Tuesday, July 6, 2010

How Important is Foreign Oil to the United States?

The networks are inundating us with news of the offshore pipeline leak in the Gulf of Mexico. It reminds us once again that the United States is a major oil producer. Why, then, should we care about sources of oil outside the United States? Couldn't we develop domestic sources of energy and become energy self sufficient--as so many politicians discuss? The answer is no. The United States produces 25% of all the goods and services in the world, but it uses 33% of the world's energy to do so. America is an oil-thirsty country.

According to the International Energy Agency (IEA), in the first quarter of 2010 North America imported 28,368,000 Metric Tons of oil products (crude oil, NGL and Refinery Feedstocks.) Of these, 2,346,000 MT came from the countries of the former Soviet Union. Even with American, Canadian and Mexican domestic production, the NAFTA countries still required massive amounts of foreign oil. Europe, which lacks the North American domestic production capability, imported 78,830,000 MT of which 16,248,000 originated in the former Soviet Union. (IEA Monthly Oil Survey, March 2010)

How great is America's thirst? Well, in 2008 the United States produced 7.6% of the world's oil (300 million MT). In addition, in 2007 (most recent data available) the United States imported an additional 573 million MT, which was over 27% of the world's production. (IEA, Key World Energy Statistics, 2009) Interestingly, all of the top 5 net importers were Pacific Rim countries--United States, Japan, China, India and Korea--demonstrating graphically where economic growth is occuring.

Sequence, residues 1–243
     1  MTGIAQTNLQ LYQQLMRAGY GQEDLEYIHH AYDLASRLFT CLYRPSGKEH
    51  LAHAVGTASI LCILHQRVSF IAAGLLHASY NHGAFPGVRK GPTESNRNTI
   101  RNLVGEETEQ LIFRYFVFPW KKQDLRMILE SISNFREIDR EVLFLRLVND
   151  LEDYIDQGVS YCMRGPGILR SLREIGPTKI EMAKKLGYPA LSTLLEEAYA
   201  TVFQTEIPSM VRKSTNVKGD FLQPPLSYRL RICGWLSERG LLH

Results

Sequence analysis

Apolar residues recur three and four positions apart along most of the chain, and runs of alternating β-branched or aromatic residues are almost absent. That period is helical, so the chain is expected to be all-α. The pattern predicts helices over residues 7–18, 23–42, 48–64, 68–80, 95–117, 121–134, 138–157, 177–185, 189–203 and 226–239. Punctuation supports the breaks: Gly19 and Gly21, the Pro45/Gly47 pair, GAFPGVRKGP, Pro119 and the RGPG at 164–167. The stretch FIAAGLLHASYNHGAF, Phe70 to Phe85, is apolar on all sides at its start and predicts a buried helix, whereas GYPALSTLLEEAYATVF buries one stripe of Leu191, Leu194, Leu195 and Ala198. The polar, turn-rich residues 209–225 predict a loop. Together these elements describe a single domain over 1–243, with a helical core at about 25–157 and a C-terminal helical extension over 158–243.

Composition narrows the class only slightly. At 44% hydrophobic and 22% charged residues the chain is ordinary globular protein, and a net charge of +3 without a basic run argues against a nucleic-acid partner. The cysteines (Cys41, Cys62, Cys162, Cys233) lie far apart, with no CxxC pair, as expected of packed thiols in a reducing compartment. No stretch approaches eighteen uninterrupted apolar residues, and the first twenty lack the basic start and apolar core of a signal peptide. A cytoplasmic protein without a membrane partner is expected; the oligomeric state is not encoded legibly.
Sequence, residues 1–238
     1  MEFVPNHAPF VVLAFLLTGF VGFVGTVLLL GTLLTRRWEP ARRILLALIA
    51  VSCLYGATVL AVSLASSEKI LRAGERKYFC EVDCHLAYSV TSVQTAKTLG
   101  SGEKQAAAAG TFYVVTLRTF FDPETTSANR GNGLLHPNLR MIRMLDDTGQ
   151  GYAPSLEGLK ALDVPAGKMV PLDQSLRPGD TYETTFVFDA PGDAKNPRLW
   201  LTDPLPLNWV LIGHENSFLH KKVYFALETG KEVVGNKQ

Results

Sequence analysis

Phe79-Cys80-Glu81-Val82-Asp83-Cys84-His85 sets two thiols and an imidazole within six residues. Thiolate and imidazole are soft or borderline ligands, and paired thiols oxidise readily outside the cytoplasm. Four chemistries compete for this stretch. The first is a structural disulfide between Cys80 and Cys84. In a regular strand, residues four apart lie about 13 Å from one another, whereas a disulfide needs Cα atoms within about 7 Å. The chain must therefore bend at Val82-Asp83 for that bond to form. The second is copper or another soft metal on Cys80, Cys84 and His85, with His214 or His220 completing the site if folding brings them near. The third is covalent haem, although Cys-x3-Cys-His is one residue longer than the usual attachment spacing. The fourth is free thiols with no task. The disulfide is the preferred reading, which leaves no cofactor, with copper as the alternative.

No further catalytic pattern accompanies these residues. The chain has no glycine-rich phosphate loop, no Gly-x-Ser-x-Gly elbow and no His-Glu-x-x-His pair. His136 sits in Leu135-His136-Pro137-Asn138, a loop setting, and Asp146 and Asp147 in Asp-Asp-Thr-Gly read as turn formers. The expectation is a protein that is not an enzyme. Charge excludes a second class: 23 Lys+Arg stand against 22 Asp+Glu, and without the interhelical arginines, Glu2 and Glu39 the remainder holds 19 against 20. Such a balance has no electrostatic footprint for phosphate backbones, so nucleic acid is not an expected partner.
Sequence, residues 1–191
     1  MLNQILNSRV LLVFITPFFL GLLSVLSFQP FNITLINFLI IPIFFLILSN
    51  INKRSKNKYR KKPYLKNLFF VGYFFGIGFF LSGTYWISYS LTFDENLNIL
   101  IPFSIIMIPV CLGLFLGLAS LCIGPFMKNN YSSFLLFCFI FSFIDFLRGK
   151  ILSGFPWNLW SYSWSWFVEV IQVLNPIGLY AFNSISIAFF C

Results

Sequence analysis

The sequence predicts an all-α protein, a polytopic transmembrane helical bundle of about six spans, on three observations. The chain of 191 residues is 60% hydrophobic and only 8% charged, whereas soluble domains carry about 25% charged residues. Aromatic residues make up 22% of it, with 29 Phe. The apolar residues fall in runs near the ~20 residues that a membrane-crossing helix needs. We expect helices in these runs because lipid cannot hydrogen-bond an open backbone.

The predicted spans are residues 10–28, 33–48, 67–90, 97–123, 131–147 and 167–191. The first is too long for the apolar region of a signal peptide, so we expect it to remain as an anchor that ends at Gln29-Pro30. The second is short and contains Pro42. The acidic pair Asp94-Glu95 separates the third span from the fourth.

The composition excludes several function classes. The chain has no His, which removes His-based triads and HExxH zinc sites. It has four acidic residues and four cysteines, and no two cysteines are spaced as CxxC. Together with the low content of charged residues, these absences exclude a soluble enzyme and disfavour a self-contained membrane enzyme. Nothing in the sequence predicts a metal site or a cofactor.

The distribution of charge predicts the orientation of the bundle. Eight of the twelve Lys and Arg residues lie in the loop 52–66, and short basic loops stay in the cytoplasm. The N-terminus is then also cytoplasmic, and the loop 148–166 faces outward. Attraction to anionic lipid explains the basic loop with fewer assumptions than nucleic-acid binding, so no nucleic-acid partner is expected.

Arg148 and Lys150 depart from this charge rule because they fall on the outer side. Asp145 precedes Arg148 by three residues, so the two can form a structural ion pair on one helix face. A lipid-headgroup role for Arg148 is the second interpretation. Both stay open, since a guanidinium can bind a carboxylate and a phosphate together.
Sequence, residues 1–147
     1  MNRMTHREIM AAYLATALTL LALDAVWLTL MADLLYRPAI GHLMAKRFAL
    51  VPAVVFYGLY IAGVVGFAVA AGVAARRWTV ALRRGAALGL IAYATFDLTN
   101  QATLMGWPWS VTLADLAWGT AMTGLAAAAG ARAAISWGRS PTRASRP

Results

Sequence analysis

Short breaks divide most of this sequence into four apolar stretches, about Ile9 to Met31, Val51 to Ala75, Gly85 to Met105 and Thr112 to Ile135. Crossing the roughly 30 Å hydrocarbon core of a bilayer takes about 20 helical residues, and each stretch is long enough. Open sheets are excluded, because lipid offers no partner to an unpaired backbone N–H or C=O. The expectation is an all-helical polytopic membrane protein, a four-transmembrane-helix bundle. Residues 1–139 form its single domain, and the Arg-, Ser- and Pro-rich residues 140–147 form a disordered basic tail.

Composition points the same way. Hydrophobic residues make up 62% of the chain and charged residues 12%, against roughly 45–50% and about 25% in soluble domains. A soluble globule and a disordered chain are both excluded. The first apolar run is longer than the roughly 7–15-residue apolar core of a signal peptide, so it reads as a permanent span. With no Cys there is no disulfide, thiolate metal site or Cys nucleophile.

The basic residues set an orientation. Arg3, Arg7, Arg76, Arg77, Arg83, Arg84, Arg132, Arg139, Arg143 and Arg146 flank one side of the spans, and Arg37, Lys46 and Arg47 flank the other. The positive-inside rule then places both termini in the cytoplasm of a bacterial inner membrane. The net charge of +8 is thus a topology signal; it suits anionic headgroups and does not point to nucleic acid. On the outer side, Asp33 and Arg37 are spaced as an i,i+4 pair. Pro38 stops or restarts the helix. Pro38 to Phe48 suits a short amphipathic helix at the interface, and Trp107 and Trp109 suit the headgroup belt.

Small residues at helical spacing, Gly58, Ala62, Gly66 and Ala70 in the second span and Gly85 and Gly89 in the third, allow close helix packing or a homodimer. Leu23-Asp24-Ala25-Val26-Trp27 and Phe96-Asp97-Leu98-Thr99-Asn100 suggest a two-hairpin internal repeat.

Where did the oil come from? The top 5 oil exporters are all countries with which the United States has had differences over the past twenty years. These countries are Saudi Arabia (17% of world exports), Russia (13%), Iran (7%), Nigeria (6%), and the United Arab Emirates (5%). Clearly, reliable sources of oil are necessary for the United States and its allies.

Dr. James J. Coyle is available to speak to your organization or at your event. Please contact him at jimcoyle@verizon.net.